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Sustainability’s Efforts and Values

Environmentally friendly practices are here to stay and are now key metrics investors use in evaluating businesses, even though companies take different paths and practices in measuring and communicating what they do to protect the planet and why they do it. Environmental, social, and governance (ESG) reporting is a fact of life for publicly traded businesses, with 98% of S&P 500 companies and 90% of Total Russell 1000 companies publishing ESG reports in 2022, according to the Governance & Accountability Institute, Inc.

Global asset managers are using ESG frameworks to evaluate the environmental impact of companies as one of several factors in the companies they invest in, enabling them to evaluate how resilient they are to climate events and how well they are developing and implementing practices for increased efficiency. At the end of the day, such things as more power efficient equipment and reductions in packaging are not only good for the environment, but also improve the corporate bottom line.

Fiber broadband is and will play a significant role in reducing carbon emissions in the years to come. A prime example: transitioning legacy copper and coax networks to fiber directly reduces carbon emissions by tens of thousands of tons annually by enabling work from home (WFA) and thereby eliminating commuting time, according to a 2023 estimate by RVA Market Research and Associates.

The glass core capable of carrying hundreds of terabits of data per second today is created out of silicon dioxide, an abundant and easily accessible material that makes up 10% of the earth’s crust. In comparison, copper must be mined and processed into a pure form that requires lots of effort and energy, with deep mines, big trucks, and lots of digging.

Between production and operation over its lifecycle, copper wiring has a carbon footprint that is 85,000 times higher than fiber. Shutting down legacy copper networks and migrating to all-fiber solutions has become a priority for service providers, since it enables them to reduce cost and drastically lower yearly carbon emissions. In 2023, altafiber stated that its legacy copper network made up 36% of its greenhouse gas emissions, making it a prime target for replacement, while the company’s fiber network only produced 6% of its emissions.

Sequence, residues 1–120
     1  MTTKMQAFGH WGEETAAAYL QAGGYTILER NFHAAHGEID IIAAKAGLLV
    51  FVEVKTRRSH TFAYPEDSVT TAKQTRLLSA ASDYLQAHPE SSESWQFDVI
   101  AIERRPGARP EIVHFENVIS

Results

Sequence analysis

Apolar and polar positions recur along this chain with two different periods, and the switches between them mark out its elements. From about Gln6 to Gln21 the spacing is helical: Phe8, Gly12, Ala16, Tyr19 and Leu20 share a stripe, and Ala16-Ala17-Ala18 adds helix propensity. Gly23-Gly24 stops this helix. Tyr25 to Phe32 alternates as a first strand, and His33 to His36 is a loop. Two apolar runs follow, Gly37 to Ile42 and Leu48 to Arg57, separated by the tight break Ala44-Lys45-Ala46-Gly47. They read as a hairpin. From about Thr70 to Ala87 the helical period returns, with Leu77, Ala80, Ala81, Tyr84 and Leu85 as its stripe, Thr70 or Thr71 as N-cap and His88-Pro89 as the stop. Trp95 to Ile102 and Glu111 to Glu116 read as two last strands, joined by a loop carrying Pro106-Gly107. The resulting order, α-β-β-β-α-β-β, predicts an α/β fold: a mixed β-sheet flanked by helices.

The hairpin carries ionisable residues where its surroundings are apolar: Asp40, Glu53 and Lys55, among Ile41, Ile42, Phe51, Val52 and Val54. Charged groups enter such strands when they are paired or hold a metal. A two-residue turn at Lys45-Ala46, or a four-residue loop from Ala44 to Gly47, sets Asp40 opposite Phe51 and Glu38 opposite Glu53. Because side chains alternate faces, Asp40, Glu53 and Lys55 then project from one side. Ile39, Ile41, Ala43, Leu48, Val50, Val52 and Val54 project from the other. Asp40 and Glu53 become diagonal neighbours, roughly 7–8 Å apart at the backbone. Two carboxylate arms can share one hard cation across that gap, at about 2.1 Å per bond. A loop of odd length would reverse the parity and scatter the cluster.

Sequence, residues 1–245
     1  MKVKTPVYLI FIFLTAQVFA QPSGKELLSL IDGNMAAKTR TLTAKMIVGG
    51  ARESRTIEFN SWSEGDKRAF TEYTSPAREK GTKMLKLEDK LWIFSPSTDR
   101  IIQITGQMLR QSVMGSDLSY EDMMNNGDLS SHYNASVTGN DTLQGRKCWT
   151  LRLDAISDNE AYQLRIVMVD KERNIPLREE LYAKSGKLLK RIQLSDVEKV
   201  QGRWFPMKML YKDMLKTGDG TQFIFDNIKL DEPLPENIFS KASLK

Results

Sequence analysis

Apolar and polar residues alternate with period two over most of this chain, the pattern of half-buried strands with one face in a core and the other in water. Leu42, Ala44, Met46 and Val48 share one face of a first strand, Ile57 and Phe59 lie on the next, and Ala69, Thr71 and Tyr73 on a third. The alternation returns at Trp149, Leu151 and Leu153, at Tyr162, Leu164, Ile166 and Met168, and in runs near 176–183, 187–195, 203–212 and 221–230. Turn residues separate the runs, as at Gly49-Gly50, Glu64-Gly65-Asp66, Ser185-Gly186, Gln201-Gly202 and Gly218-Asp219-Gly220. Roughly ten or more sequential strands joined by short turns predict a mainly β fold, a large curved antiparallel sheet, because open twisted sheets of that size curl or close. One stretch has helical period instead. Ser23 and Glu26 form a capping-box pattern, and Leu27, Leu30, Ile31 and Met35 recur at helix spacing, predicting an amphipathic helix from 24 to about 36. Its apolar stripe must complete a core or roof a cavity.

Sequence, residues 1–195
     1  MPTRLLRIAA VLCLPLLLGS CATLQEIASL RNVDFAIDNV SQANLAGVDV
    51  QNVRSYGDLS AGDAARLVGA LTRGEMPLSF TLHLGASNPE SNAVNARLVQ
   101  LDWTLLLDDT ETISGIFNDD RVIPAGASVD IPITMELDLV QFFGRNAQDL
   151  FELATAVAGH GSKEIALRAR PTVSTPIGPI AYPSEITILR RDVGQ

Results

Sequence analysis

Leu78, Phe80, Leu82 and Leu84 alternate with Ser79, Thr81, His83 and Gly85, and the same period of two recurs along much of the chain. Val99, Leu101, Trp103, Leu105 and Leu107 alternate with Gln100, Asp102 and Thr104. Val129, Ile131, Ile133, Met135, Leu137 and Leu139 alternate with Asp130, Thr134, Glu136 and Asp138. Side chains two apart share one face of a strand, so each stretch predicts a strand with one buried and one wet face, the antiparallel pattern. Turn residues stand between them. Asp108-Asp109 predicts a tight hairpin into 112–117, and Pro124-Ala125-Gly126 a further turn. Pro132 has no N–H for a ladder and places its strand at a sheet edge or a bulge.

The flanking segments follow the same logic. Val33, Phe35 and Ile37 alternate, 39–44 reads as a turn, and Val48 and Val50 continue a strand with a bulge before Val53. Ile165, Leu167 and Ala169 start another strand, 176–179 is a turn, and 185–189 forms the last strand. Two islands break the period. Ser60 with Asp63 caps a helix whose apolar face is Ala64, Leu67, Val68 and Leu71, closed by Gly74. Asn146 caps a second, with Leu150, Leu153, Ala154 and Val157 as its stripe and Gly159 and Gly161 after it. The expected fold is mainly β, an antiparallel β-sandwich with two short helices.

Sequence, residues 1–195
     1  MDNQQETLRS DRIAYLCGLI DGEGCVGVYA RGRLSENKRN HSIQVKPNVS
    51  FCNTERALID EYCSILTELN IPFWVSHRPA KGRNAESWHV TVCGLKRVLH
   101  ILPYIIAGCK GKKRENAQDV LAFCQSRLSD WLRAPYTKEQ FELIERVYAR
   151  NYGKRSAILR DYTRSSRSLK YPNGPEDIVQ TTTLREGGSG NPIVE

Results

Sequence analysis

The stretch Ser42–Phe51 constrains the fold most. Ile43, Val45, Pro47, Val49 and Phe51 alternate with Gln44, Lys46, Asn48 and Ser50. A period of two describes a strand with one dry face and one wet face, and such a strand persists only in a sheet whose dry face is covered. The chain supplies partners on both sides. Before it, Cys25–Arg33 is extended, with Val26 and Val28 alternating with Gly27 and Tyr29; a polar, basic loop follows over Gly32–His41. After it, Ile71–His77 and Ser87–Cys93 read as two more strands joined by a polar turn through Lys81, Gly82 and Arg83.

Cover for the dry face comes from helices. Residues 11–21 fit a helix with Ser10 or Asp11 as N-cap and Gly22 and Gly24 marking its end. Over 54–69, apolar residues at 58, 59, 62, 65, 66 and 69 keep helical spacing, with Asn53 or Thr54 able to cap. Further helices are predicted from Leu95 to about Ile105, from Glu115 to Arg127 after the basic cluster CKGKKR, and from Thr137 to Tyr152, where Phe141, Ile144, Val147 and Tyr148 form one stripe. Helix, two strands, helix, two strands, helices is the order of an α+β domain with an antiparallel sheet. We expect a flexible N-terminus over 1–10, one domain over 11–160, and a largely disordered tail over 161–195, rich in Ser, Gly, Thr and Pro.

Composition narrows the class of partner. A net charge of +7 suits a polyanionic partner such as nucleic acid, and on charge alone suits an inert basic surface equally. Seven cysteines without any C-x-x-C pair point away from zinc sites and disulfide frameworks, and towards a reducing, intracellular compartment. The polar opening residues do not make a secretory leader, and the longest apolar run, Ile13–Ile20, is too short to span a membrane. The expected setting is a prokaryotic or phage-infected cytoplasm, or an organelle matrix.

Copper’s value as a metal makes it a target for theft, a common problem for service provider legacy networks. On the other hand, fiber has demonstrated its durability over time, with the first cables put into service over 50 years ago continuing to be used today. Electronics upgrades have continued to increase the data carrying capacity of fiber while at the same time becoming smaller and more power-efficient with each generation.

For example, the first commercial 400 Mbps optical circuit from Ciena deployed in the mid-1990s took 10 full racks of equipment in a central office with its associated power and cooling requirements. Ciena today delivers 800 Gbps across a single fiber using a fraction of the power and space of a single 1U shelf, with terabyte speeds available in the future using the same physical footprint without having to replace or augment the existing media.

Additional carbon reduction benefits come from fiber’s durability. Fewer interruptions and service calls mean less truck rolls for repairs and less emissions from fossil fuel maintenance vehicles.

Hardware manufacturers in the fiber broadband ecosystem have a relatively clear path for environmentally friendly practices, even though they differ on how they implement and present those policies to their customers and stakeholders as it provides differentiators against their competitors.

“Calix Chief Sustainability Officer Martha Galley’s job is to align a comprehensive sustainability strategy across all company business units. Source: Calix.”

“The approach we have decided to take to sustainability is a collaborative one,” said Martha Galley, Chief Sustainability Officer (CSO), Calix. “My job is to align and make sense of our comprehensive strategy based upon the current market and the regulatory demands across the business units, all of which participate in various projects around sustainability. Some of those are outward facing, like our product pillar. Some of them are inward facing. Being a sustainable company has to do with our infrastructure, our use of power, etc. Second is to amplify, making sure that our story is thoroughly told well and accurately. When you put something in a regulatory report, it has to stand up to the audit.”

The third part of Galley’s job is augmentation of existing sustainability policies and practices. As a part of Calix’s executive leadership team, the CSO can find additional opportunities within and across the company that are appropriate to incorporate into the company’s own five pillars of sustainability: technology innovation, cultural and social impact, supply chain, enterprise, and partnership. Each pillar contributes to the vision and practices of sustainability.

“First and foremost, technology innovation,” said Galley. “Our entire product portfolio has responsibility for improving along three dimensions, including durability, efficiency, and recyclability. If something is thrown away, it’s obviously not very environmentally friendly. Is the technology durable for the environment? Are our outdoor devices [and] systems going to stand up to the weather conditions, for example? But the most important aspect of durability for us is our software-enabled network. Every 91 days, our customers get more capability, more value, because upgrades to the operating system are released three times a year. The bottom line about all of it is that we believe that our fundamental architecture is durable because value gets added and you’re not throwing those systems away.”

Calix’s efficiency work leverages iterative improvements on hardware to build more density into its access systems while lowering power consumption. More cards per rack footprint and lower power helps customers save money through lower operational costs for data center space and electric bills as well as impacting the environment.